From heir apparent to meek exit in one chaotic morning. After a week of post-Brexit political turmoil, former London mayor Boris Johnson’s decision not to seek the Tory leadership is arguably the biggest surprise of all.
Having led the Leave campaign in the EU referendum, the assumption was that Johnson would sweep to victory in the contest to replace David Cameron as Conservative leader and prime minister. Instead – and once again – the favourite in a Tory leadership election has failed to land the prize. In this case, he hasn’t even contested it.
How can we make sense of these developments? Two general features of leadership contests help to explain: the criteria that selectors use to choose candidates, and the rules of the selection process.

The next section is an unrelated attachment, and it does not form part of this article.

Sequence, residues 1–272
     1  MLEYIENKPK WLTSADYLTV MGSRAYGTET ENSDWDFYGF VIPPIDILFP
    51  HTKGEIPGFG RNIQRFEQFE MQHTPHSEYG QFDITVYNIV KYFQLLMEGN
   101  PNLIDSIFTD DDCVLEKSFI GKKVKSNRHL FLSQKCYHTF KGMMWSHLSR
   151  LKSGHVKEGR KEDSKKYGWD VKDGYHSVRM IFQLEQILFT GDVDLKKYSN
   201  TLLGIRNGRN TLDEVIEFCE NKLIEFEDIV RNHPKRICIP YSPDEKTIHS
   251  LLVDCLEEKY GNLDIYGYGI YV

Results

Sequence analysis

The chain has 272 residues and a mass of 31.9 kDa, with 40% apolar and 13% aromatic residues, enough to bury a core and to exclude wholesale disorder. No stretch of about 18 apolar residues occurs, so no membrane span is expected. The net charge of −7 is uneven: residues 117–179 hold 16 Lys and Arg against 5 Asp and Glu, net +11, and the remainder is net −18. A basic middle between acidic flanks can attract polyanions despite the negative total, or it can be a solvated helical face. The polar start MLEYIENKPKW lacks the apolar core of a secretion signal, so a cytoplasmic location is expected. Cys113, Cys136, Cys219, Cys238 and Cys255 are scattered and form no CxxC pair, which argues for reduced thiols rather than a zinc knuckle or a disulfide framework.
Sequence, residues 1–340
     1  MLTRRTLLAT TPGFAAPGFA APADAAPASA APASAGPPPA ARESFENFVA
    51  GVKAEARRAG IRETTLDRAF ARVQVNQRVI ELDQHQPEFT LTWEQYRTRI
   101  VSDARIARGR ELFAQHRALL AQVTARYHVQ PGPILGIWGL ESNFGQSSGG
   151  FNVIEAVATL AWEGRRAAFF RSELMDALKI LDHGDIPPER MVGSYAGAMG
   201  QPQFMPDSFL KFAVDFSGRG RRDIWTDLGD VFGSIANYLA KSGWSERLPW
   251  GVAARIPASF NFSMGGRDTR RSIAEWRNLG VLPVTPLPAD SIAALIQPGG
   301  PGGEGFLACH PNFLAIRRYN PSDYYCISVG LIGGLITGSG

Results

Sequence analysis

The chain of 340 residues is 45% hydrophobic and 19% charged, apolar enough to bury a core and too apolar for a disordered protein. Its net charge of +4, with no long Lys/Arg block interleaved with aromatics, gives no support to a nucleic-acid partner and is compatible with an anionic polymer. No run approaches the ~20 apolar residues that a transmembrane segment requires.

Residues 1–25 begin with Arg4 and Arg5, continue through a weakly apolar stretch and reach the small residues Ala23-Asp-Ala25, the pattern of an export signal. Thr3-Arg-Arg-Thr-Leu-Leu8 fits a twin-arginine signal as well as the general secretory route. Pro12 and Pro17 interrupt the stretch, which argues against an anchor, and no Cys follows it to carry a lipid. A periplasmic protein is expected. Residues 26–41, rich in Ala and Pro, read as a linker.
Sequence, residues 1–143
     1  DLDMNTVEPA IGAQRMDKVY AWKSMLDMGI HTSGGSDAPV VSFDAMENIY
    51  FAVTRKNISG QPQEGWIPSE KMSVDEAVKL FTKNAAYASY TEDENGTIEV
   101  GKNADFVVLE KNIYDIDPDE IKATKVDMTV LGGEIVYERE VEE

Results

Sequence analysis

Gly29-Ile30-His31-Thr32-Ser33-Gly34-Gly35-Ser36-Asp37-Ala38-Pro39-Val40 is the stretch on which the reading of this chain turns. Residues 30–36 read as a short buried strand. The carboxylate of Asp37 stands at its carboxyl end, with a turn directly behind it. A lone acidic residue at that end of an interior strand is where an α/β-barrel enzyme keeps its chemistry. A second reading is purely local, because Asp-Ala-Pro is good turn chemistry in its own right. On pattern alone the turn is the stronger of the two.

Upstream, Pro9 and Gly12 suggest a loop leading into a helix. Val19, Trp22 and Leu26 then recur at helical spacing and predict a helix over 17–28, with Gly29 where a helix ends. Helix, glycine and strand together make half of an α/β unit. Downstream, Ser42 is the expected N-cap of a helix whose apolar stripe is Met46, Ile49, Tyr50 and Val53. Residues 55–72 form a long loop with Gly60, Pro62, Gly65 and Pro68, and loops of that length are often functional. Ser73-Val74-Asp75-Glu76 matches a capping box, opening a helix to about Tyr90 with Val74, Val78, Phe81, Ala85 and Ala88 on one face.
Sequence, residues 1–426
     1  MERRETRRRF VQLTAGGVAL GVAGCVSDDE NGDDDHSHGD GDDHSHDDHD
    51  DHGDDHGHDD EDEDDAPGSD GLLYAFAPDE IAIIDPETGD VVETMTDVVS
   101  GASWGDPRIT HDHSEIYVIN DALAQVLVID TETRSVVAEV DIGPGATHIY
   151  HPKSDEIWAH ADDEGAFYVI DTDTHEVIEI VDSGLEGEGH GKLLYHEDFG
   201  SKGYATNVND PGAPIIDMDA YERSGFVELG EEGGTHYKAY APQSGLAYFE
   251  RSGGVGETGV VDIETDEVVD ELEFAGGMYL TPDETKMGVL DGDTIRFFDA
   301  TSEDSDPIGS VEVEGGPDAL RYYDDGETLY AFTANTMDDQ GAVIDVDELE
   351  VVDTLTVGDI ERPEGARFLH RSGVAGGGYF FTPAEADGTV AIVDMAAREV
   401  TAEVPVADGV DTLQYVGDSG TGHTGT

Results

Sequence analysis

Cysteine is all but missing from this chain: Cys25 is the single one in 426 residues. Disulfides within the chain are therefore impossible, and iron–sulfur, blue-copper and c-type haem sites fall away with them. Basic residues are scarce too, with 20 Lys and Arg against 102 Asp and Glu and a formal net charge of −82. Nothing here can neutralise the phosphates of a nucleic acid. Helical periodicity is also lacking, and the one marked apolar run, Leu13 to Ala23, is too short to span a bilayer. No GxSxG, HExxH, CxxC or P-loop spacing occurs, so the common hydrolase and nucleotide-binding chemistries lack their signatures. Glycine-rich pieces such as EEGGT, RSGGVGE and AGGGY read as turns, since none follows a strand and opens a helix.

Academic research has shown that three criteria weigh heavily in party selectors’ minds when choosing a leader. First and most important, candidates must be broadly acceptable to their party and able to unite it. That is especially important when a party is clearly divided on an important issue. Divided parties rarely win elections.